Myron Castleman is the only person who is consciously experiencing this bounce. In the short film, 12:01 P.M., Castleman, played by Kurtwood Smith, is a dour character, put upon by years at a job he says outright, he doesn’t know why he works there. There’s a bit more of the satirical angle here, everyday life in the modern urban landscape being the same thing. Hell, the only intrusion from nature here—and one of the only details played for a laugh in the short—is a bird pooping on a guy in the park. 12:01 P.M. is not a “fun” film, it doesn’t have time to be playful with its subject except for a second or two here and there. The most fun Smith’s Castleman has is probably in the opening scene when he finally (after 40 tries getting up the nerve) talks to a woman in the park. Absent the premise we know is coming, this scene already shows a guy who’s used to life being the same thing day in, day out, and this conversation is a welcome exception. But, then he tells her what’s going on, that he’s stuck in the same hour—yes, he’s only repeating a single hour, which is part of why there’s no room for much fun—and then the bounce happens and he’s just leaving for the park on his lunch break. There are some nice repetitions, and brief attempts to change things (like warning a guy his grocery bag is about to rip) but the film is only 27 minutes long and it’s almost singlehandedly determined to maintain a bleak tone.

Anyway, find a copy of the film if you like—or find me sometime since I’ve got a copy—or read on for the horrible SPOILERS: the even more bleak implication is that the time bounce will happen forever (which makes the film even more depressing if you think about too much, because the rest of the world has essentially ceased to go on). And, for Castleman, he finally makes his way to the scientist who knows what’s going on and convinces the guy that he’s consciously experiencing the bounce because “consciousness is an independent variable” and learns the horrible truth—there is nothing he can do to stop it.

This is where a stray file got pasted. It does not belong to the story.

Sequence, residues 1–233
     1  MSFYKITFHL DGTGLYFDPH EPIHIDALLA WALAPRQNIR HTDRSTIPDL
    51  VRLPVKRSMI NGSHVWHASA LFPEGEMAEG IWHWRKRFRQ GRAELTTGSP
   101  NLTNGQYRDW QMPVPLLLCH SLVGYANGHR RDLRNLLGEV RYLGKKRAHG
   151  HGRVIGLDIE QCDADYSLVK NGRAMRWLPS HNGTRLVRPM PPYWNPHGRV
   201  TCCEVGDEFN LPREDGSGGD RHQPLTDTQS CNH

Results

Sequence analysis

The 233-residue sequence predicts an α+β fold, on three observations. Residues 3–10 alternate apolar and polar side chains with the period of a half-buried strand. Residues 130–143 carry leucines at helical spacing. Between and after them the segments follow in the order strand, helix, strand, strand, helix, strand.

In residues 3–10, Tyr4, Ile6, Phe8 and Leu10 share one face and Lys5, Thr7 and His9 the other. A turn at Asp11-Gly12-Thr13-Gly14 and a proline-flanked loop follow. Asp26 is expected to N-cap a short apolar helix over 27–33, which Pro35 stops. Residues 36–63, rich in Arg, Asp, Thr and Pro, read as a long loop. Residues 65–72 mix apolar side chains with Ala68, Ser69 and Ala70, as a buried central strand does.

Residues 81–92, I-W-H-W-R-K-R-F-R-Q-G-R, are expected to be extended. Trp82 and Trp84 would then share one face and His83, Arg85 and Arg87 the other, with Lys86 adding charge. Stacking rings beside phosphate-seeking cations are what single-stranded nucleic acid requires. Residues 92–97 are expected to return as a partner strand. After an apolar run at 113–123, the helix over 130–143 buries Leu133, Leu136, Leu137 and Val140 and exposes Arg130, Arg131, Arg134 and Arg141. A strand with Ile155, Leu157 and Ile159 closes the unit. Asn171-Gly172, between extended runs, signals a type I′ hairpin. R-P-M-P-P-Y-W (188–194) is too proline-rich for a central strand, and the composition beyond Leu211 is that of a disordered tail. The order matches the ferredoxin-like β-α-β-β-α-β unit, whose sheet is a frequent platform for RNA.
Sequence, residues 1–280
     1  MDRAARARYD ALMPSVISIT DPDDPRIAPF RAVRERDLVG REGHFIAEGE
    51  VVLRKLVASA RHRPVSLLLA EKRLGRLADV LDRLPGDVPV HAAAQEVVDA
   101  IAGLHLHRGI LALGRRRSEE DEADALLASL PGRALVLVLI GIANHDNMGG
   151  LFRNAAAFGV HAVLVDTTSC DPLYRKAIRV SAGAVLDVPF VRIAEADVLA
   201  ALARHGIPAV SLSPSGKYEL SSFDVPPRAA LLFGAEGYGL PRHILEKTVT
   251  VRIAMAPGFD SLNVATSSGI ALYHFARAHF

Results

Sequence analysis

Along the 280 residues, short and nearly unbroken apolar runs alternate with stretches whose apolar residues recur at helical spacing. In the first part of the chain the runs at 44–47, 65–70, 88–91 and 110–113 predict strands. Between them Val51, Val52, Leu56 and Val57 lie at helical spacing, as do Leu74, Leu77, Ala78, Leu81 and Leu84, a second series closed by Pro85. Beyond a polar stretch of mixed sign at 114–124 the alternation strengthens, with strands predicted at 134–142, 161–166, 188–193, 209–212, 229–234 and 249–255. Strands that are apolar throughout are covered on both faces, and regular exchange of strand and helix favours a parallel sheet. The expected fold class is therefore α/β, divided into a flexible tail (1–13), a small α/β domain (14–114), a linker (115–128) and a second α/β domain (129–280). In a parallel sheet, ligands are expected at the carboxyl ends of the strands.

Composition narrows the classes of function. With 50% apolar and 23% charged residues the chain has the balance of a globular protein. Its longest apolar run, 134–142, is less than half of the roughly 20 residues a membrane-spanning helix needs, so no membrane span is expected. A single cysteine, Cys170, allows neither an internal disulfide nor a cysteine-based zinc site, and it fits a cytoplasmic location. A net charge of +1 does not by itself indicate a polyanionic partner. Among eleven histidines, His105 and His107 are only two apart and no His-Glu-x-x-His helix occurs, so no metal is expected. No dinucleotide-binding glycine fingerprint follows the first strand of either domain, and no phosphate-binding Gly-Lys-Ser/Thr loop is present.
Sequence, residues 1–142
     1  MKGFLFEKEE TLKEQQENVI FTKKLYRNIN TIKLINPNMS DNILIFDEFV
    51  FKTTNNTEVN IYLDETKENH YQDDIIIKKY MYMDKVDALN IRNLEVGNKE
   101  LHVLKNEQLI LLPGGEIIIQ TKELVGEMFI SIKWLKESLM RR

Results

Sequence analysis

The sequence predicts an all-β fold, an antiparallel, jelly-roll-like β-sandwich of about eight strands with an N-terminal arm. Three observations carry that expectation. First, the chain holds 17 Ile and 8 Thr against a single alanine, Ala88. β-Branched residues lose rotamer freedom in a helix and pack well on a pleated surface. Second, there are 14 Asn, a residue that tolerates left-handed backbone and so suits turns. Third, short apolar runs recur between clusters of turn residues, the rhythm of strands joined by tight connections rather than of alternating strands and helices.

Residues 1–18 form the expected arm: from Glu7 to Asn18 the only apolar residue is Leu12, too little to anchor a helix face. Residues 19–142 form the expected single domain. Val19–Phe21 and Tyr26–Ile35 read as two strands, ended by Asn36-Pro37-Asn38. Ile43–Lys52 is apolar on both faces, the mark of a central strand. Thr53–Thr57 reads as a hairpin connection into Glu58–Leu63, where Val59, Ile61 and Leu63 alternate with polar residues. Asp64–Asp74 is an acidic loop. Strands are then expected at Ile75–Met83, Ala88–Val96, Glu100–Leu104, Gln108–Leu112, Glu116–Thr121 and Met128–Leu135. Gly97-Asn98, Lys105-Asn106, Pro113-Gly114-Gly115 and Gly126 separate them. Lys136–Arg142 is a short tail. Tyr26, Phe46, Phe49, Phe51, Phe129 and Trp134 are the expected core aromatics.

The TV film, 12:01 is far less bleak and far less limited in its scope. Rather than covering the hour after noon, the TV film alters the frame to midnight to midnight. And, the film, running around 1 hour 35 minutes, only covers about six repetitions—

(As I said on “TV time loop day” this is the Groundhog Day Project and, in this case, not the 12:01 Project so I didn’t make an effort to log exactly how many repetitions were covered… in fact, now that I think about it, there were a couple quick deaths in the film that probably make it 8 or 9 days involved, but the film spends so much time exploring the one day (especially the first time) that it doesn’t have much time for a lot of repetition. One of the amusing bits in the movie, in fact, is that this version’s protagonist, Barry Thomas, played by Jonathan Silverman, doesn’t even realize it’s the same day for a while, because all of his days are virtually the same anyway.)